Boat jetty on Derwent Water

The view back to Walla Crag from the lakeshore

St Herbert’s Island with Cat Bells ridge beyond

‘Mist finds a new friend

Down by the lakeshore, the views were familiar but different, giving a different angle to the usual panorama from higher up.   One of the highlights was the view back to Walla Crag, emphasising the vertical distance down to the valley from the summit rocks, where we had earlier watched hikers wandering around, totally oblivious to the drop below.   The main highlight for ‘Mist’ was meeting up with a young male Collie, who could almost have been a twin.

On the way up to Castle Head

The view south into Borrowdale from Castle Head

On the way back to Castlerigg, we headed for the top of Castle Head, a mere 161 metres in altitude, but with a surprising view into Borrowdale – over the years, I must have driven past there several hundred times without ever setting foot on the hill!    Then it was back to the Crag Bar at the Heights Hotel, where the landlord usually has music from the 1970’s playing (Tubular Bells on our visit) – a nice, cold cider was our extra reward on top of what had already been a rewarding day.

Our reward!

Text and images © Paul Shorrock except for the map of the Bob Graham Round, which is reproduced under a Creative Commons Licence

About Paul Shorrock

I've been mucking about in the mountains for longer than I care to mention. I started out by walking my local hills, then went on to rock climbing, mountaineering and skiing. Still doing it, and still getting a buzz. I'm now sharing the fun, through my guided walking business (Hillcraft Guided Walking) and by writing routes for other publishers, mainly Walking World and Discovery Walking Guides. Just to make sure I keep really busy, I am also currently a member of my local mountain rescue team.
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7 Responses to #279 – Walla Crag, (nearly but not quite) Bleaberry Fell and Derwent Water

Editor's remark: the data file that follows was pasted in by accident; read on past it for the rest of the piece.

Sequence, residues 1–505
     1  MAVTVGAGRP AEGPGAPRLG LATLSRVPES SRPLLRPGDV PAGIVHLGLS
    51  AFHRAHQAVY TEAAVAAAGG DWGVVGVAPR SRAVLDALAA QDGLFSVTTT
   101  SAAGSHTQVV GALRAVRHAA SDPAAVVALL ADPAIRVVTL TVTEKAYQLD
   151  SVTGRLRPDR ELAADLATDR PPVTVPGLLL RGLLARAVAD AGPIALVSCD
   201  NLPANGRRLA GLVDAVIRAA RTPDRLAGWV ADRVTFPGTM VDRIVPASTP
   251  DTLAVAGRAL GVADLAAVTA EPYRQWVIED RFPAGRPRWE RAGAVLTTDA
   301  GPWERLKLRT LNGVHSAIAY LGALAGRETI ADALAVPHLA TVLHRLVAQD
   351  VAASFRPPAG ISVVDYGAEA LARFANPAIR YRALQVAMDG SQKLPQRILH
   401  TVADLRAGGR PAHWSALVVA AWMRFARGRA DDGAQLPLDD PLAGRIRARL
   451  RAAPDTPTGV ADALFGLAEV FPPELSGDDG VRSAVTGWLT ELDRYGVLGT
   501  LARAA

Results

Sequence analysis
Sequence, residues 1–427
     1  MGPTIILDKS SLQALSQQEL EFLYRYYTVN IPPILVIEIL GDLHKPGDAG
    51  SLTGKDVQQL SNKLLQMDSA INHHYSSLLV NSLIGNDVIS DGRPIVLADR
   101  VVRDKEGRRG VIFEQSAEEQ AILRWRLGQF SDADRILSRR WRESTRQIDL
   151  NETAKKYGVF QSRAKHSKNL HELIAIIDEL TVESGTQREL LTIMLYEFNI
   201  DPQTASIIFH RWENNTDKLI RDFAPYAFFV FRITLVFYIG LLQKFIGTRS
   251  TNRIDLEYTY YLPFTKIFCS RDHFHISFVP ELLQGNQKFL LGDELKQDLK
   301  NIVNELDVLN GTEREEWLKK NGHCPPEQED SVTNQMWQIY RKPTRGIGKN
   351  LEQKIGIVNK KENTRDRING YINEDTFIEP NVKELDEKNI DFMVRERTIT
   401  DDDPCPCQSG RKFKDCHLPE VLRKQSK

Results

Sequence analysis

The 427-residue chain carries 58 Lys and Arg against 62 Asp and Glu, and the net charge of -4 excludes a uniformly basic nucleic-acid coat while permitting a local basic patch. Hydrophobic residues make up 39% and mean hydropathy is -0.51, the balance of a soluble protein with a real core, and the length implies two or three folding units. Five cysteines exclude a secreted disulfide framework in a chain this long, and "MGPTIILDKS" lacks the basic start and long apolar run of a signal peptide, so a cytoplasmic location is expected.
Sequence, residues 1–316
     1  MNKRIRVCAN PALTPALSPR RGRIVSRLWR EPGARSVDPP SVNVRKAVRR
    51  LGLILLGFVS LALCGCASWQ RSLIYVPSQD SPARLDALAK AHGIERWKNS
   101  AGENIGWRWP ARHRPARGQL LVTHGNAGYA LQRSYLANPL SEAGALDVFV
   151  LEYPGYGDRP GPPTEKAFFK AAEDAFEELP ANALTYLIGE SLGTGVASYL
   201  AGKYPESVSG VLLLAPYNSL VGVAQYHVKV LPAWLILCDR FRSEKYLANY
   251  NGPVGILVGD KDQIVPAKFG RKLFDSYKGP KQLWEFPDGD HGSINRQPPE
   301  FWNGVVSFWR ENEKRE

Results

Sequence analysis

1. I stayed at Barrow House probably about 10 or 15 years ago now when it was a YHA hostel. It had a lovely waterfall at the back of the house which gave me a route up to the Watendlath road.

    I’ve never done that path off Walla Crag which goes through Great Wood to Ashness Bridge but I keep looking at it… Parking’s the worst problem with Borrowdale though.

    Like

    • The waterfall is quite spectacular but I wasn’t happy with my pics so left them out of the post – it might call for a return trip but there’s so much else to do, and I do prefer the heights….

      As for parking in Borrowdale! Almost as bad as Pen y Pass 😕

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      • Yeah – I heard about that day on Pen Y Pass – apparently around 500 cars down the roadside and it was more or less blocked wasn’t it?

        Liked by 1 person

      • It’s been just as bad at Ogwen – the police finally started towing offending vehicles, not before time. All of a sudden the areas we love are being swamped by crowds who don’t understand the need for respect of wild places.
        I dare say, a few will realise they have fallen on something worthwhile, and may learn to respect, but I hope the rest return to their beach resorts next year.
        Personally, I’m looking forward to a cold, snowy winter – that should sort out the true outdoors types

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      • Agree with everything you’ve put there – couldn’t have put it better. I’m absolutely fed up of the crowds now and have taken to glaring at people on the busier hills. It’s was palpably more peaceful as I left Blencathra for the hills behind the other day – I could literally feel the peace descend and my mood lift!

        Liked by 1 person

  2. Steve says:

    At the end of the day…..Mike Oldfield playing in the background, whilst quaffing a wet…. whats not to like…. happy days

    Liked by 1 person